From Publishers Weekly
They're ravenous. They're ruthless. They live in a strictly hierarchical, alpha-dog, eat-or-be-eaten world. No, it's not a rerun of Wild America; it's the world of dressed-to-the-nines Park Avenue heiresses, aka Bergdorf Blondes, botoxed to within an inch of their barely-into-the-third-decade lives. Our unnamed London-born heroine is New York's favorite "champagne-bubble-about-town" and just as effervescent and exhilarating as a fine bottle of Dom Perignon. Blissfully self-interested and flush with the cheeriness that comes from being, well, flush, Miss Disposable Income 2004 sashays her way through New York society in search of the perfect P.H. (Potential Husband)-"Have you any idea how awesome your skin looks if you are engaged?"-and the perfect butt-shaping pair of Chloe jeans. Despair occasionally strikes when her latest prince turns into yet another toad, but it's nothing an invitation to an uber-exclusive Hermes sale and a gallon or so of Bellinis can't fix. She's got the crème de la crème along with her for the ride, including her best friend, the fabulously wealthy heiress Julie Bergdorf, who is tres supportive of her nervous breakdown=You'll be able to dine out on how crazy you went in Paris for months-and a posse of chattering, Harry Winston-bedecked clones with whom to limo around New York. Tacky? Absolutely. But it's impossible not to be massively entertained by a woman who refers euphemistically to oral sex as "going to Rio" in memory of the first man who suggested she get a Brazilian bikini wax, considers vodka a food group and who holds up glamour as the first of the commandments. This is a savvy and viciously funny trip into a glittery, glitzy world we sure wouldn't want to live in-but by which we're more than happy to be vicariously consumed for the length of a book.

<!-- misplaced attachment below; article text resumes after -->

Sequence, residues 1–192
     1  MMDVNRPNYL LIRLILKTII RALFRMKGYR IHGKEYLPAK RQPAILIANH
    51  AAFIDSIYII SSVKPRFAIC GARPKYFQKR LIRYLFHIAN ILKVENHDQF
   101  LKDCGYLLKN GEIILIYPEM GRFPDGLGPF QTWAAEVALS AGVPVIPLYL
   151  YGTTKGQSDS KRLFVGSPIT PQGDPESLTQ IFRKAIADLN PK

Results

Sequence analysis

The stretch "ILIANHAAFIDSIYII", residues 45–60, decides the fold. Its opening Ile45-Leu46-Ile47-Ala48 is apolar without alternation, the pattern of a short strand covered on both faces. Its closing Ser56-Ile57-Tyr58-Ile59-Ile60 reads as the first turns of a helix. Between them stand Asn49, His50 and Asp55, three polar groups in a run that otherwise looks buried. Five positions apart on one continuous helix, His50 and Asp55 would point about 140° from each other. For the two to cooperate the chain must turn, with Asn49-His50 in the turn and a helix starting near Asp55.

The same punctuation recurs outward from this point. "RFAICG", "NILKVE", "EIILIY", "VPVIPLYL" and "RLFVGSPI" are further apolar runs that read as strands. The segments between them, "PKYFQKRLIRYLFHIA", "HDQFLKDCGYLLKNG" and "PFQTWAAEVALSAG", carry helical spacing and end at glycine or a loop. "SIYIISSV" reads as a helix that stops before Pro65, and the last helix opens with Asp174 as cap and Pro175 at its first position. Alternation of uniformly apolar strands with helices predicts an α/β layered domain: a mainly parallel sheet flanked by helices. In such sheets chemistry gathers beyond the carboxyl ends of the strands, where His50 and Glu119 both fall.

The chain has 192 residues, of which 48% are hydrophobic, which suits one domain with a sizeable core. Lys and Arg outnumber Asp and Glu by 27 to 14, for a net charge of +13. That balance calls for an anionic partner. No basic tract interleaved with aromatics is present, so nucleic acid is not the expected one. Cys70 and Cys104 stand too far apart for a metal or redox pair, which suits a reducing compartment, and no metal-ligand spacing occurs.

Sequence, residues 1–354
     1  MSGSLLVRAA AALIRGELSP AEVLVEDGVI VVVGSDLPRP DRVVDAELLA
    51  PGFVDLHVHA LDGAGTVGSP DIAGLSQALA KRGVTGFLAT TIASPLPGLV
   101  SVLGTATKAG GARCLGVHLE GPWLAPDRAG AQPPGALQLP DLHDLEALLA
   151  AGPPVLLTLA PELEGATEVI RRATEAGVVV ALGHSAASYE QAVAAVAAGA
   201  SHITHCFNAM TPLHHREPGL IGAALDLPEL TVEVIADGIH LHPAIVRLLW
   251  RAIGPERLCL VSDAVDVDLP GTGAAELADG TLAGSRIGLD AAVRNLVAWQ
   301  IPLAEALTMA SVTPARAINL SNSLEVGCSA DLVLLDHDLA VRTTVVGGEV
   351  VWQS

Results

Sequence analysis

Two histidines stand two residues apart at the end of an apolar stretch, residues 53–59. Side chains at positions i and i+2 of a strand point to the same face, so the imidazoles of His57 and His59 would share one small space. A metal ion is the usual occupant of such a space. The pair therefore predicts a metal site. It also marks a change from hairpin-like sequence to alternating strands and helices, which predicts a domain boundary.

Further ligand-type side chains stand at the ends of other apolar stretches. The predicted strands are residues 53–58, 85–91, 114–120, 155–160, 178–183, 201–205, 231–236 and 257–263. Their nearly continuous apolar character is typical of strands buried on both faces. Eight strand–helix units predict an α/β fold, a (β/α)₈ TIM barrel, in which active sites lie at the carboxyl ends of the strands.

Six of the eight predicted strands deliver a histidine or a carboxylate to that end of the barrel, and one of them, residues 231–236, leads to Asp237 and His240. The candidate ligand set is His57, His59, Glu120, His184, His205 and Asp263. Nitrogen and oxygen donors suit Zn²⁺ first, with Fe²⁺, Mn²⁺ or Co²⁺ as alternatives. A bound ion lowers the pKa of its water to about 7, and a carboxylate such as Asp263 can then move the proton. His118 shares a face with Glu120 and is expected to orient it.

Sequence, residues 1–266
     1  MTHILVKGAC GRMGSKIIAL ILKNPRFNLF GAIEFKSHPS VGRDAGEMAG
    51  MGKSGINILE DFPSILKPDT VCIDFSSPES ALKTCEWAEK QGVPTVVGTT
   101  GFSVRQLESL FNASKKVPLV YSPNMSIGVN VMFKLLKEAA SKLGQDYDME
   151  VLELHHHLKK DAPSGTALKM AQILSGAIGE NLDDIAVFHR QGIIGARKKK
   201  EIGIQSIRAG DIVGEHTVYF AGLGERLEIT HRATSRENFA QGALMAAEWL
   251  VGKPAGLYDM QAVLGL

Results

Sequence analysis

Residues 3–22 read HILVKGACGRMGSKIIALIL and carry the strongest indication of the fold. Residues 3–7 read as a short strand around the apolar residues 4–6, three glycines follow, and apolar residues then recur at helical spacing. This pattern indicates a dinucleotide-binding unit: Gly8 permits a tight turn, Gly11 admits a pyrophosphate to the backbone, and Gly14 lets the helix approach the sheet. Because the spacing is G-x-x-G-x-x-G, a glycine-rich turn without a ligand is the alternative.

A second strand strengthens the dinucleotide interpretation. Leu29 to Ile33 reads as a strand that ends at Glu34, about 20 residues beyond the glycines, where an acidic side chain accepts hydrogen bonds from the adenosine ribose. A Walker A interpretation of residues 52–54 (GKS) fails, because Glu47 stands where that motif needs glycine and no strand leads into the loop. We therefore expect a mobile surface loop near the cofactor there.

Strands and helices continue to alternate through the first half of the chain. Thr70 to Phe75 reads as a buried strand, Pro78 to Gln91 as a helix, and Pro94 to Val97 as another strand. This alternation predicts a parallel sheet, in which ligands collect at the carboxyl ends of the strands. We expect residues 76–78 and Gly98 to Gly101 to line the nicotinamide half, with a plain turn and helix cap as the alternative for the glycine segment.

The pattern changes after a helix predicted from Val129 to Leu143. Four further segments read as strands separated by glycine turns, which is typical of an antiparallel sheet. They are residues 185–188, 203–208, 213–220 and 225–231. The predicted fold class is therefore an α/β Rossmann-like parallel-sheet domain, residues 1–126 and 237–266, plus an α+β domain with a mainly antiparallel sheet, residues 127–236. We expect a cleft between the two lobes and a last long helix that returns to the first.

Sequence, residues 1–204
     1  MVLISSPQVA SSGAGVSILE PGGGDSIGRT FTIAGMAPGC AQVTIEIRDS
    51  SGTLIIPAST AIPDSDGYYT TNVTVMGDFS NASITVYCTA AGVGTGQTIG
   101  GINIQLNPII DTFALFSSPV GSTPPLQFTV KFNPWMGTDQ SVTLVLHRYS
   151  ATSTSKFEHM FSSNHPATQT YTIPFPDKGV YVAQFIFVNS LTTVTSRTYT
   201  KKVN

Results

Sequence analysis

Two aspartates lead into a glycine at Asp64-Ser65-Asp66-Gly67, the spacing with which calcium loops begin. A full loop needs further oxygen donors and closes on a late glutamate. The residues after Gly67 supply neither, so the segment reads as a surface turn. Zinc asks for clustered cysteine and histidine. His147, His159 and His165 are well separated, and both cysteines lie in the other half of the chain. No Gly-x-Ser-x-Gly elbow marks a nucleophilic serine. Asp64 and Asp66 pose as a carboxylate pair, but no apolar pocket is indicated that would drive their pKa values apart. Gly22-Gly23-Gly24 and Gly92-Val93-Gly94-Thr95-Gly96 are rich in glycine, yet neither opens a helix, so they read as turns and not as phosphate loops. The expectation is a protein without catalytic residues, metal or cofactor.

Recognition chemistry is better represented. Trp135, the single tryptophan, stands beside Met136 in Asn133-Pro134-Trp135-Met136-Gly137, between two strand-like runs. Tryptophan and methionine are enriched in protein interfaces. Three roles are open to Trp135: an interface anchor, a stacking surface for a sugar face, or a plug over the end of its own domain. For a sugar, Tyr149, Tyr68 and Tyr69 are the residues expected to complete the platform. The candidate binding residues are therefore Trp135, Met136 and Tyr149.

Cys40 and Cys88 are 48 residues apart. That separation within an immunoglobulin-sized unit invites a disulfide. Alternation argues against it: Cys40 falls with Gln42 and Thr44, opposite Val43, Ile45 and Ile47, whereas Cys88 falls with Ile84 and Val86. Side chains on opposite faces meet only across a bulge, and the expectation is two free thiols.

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Our heroine is a self-described "champagne bubble about town" (the town being New York City, of course), a twentysomething socialite whose life centers on tracking down Chanel sample sales and downing Bellinis with the group of friends she calls the Park Avenue Princesses. When she notices that getting engaged brings a glow to her friends' skin that even an alpha-beta peel can't replicate, she and her best friend embark on a roller-coaster-ride of a search for prospective husbands. Their misadventures, both romantic and cosmetic, are related in a dishy, namedropping-over-cocktails tone. At the story's end, everyone has landed safely on her Manolo Blahniks, true love turns out to be where one least expects to find it, and Vera Wang is booked to design the wedding gowns. Sykes' debut is feather light, but its heart is in the right place. Like the movie Clueless, to which it owes a substantial debt, this is a breathless, sweetly tongue-in-cheek examination of the lifestyles and arcane social mores of the young, rich, and glamorous. Readers, especially fans of Candace Bushnell, will enjoy the ride. Meredith Parets
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